Under its ambitious growth plans, Cathay Pacific – the Hong Kong based private airline – is in the process of hiring Pakistani pilots. The drive is part of an international recruitment process in which the carrier aims to hire 300 pilots from different countries – including Pakistan – in 2012, says David Alan Whitehead Hodges, Cathy Pacific’s deputy flying training manager, in an interview with The Express Tribune.
The upbeat Hodges, who was recently in Pakistan to recruit Second Officers, says the airline requires hundreds of pilots to match its ambitious targets for the coming decade.
“We are aware that there exists a considerable amount of interest in the aviation industry in Pakistan, and we have received a large number of applications from what appear to be well-qualified candidates,” Hodges says.
This is the first time the airline is recruiting Second Officers from Pakistan.
“Pakistani pilots have equal opportunity to secure as many positions as they qualify for,” he replies, when asked if there is a specific hiring limit for Pakistani candidates; “it depends solely on the suitability of the applicants.”
When asked about education and/or training prerequisites, he says the airline attaches considerable importance to accreditations from international regulators. The importance of basic training and education diminishes significantly if a prospective pilot has international accreditations and extensive flying experience, he says.
Talking about the airline’s growth plans, he says Cathay Pacific has ordered 100 wide body airplanes for the next couple of years. To meet growing operations, the airline now requires new pilots.
To a question, he says that Cathay Pacific has some Pakistani pilots in its crew but the airline wants to hire more. “Our message to Pakistani pilots is clear: we are a growing airline and we need qualified pilots – so, do come to us.”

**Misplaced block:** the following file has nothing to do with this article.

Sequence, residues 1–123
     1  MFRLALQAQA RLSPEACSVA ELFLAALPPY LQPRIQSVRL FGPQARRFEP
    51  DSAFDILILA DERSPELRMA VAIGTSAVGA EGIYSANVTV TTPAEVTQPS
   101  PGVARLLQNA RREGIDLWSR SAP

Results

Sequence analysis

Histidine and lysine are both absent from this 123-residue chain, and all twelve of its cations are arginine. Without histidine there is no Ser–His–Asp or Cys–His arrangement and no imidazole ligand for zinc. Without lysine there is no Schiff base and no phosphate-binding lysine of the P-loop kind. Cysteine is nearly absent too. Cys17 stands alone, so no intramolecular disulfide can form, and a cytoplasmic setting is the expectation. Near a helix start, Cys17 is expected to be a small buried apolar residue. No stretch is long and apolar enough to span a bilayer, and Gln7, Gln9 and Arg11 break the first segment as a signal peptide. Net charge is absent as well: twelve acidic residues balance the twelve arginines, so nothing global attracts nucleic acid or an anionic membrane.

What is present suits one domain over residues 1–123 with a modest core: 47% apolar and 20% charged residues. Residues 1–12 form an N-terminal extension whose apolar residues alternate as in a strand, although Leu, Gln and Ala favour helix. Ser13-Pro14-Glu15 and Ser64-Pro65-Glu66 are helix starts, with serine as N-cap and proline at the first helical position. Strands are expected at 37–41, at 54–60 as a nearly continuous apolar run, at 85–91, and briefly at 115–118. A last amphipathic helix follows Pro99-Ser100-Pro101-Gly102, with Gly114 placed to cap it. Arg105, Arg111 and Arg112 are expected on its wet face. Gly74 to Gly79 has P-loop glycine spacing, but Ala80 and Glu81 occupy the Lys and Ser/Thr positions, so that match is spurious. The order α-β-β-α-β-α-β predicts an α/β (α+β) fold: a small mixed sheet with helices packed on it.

Successful candidates from the first round of interviews in Karachi will go for further interviews and assessments in Hong Kong. Successful candidates from Hong Kong will then go to Australia for a flight grading assessment. Since Hong Kong is Cathay Pacific’s home, the airline plans to base all new Second Officers there. Therefore, after completion of the training programme in Australia and upon joining the airline, all successful pilots will complete further training in Hong Kong. However, applicants with sufficient experience and impressive credentials may skip the training process and be invited directly to Hong Kong, Hodges explains.
South East Asia is home to some of the fastest growing economies of the world – where new airlines are entering markets, while existing ones are expanding operations on the back of strong economic growth in regional countries. Officials of the airline say that it attracted applications from all over the world when it first advertised pilot vacancies.
With the acquisition of 100 new aircrafts in the pipeline, and plans of ambitious growth in its international network, Cathay Pacific is all set to expand its operations to different regions, especially in Asia.
The airline has a wide-body aircraft fleet of Boeing 747s, Boeing 777s, Airbus A330s and Airbus A340s. It deploys pilots according to the aircraft types on which they serve.
The airline flies to 162 destinations in 42 countries and territories, with 137 aircrafts. Cathay Pacific and its subsidiaries employ 29,217 people worldwide, making it one of the biggest employers from Hong Kong.
Published in The Express Tribune, April 11th, 2012.